“It’s like the bloody Midwich Cuckoos – this evil little blonde haired child with piercing blue eyes dominating our lives,” says Cornelius Fruckstone of the child that he and his wife adopted via an internet-based agency. “Even when we first got him as a baby there was something unnerving about him – it was that look of superiority with which he always regarded us. As if we were somehow inferior.” By the time their son was three, his behaviour was giving them cause for concern. “It was just so embarrassing – he was expelled from play school after a highly unpleasant incident of anti-social behaviour,” recalls Fruckstone. “He’d been doing so well, he’d made friends with this group of other kids – they were all blue eyed and blonde haired – then one day they started bullying some of the other kids.” The victims of young Fruckstone and his friends were the children of local Polish workers, and were subjected to a terrible ordeal. “Apparently the little bastards tried to force these Polish kids into an oven in the school kitchens,” says a visibly upset Fruckstone. “When they were caught doing that, they made out it was just a game gone wrong. The next day they burned down the wendy house in the school garden and tried to blame it on the Levy brothers! Their mother’s a Rabbi, for God’s sake! I was so ashamed!”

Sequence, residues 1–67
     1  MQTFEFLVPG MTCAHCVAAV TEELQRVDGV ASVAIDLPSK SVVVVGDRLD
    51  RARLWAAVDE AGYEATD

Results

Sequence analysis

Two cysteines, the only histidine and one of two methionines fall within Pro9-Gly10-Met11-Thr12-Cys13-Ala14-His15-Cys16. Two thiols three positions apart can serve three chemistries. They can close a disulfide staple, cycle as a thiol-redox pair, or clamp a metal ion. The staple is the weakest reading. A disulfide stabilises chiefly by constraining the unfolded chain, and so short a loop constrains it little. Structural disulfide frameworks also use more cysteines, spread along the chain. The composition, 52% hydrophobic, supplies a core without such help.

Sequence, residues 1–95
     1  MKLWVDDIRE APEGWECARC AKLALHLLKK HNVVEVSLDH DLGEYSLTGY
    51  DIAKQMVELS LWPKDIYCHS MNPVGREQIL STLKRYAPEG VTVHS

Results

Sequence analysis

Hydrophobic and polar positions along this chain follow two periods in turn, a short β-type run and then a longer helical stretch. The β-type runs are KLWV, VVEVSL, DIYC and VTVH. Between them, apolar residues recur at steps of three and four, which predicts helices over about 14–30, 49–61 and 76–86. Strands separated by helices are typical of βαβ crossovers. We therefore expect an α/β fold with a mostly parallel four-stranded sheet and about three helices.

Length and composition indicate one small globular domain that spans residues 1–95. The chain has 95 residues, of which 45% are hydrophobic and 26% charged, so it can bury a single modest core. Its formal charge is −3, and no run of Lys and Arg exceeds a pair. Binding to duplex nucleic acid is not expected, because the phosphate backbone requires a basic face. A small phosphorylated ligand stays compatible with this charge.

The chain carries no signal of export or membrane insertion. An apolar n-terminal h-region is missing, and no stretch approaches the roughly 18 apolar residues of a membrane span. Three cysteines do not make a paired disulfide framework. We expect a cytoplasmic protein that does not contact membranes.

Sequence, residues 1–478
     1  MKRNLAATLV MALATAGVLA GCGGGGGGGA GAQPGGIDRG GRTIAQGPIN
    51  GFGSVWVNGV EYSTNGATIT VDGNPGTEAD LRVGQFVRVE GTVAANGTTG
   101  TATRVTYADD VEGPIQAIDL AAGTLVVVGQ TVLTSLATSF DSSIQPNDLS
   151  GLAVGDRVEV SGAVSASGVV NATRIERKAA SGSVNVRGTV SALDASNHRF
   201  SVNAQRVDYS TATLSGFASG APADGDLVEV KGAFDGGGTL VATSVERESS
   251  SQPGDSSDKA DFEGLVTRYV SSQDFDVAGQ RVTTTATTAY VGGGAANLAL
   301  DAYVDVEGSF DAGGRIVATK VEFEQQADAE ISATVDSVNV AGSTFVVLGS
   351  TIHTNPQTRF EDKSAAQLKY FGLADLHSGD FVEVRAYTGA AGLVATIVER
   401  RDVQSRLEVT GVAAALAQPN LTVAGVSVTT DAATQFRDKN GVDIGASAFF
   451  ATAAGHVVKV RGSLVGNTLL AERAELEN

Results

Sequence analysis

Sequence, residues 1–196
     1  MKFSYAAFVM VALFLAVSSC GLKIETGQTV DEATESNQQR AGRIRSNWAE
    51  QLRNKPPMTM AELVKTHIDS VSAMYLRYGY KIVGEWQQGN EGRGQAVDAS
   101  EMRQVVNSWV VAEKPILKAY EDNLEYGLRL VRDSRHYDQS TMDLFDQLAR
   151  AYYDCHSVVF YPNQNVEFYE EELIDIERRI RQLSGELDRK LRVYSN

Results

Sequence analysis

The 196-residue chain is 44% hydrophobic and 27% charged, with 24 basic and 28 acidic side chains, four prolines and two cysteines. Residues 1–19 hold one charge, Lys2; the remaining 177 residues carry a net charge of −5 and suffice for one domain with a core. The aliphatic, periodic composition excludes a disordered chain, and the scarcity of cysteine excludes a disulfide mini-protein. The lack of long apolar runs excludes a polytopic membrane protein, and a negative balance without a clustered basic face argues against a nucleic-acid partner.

It quickly transpired that all of the children in the gang were adopted, all through the same internet adoption agency: the mysterious UberKinder Foundation. “We’d had no success with other agencies – they just couldn’t meet our requirements for a child,” explains the forty year old Redditch financial adviser. “It wasn’t that we were considered unsuitable parents, you understand, it’s just that all the children they had on offer were too old, too female or too ethnic. Not that we have anything against black people, you understand, we just didn’t want one as a son. We were quite clear that we wanted a pale skinned, blue-eyed, blonde haired child. If nothing else, he’d match the décor.” Stumbling across the UberKinder Foundation online, the Fruckstones were amazed at the kind of children they had available for adoption. “It was incredible – every one of them met our criteria,” says Fruckstone. “And the Foundation were so accommodating, they made the whole process so simple! Obviously, we did wonder where they found all these children and why such apparently perfect babies were up for adoption, but after waiting so long to adopt, we didn’t like to ask too many questions!”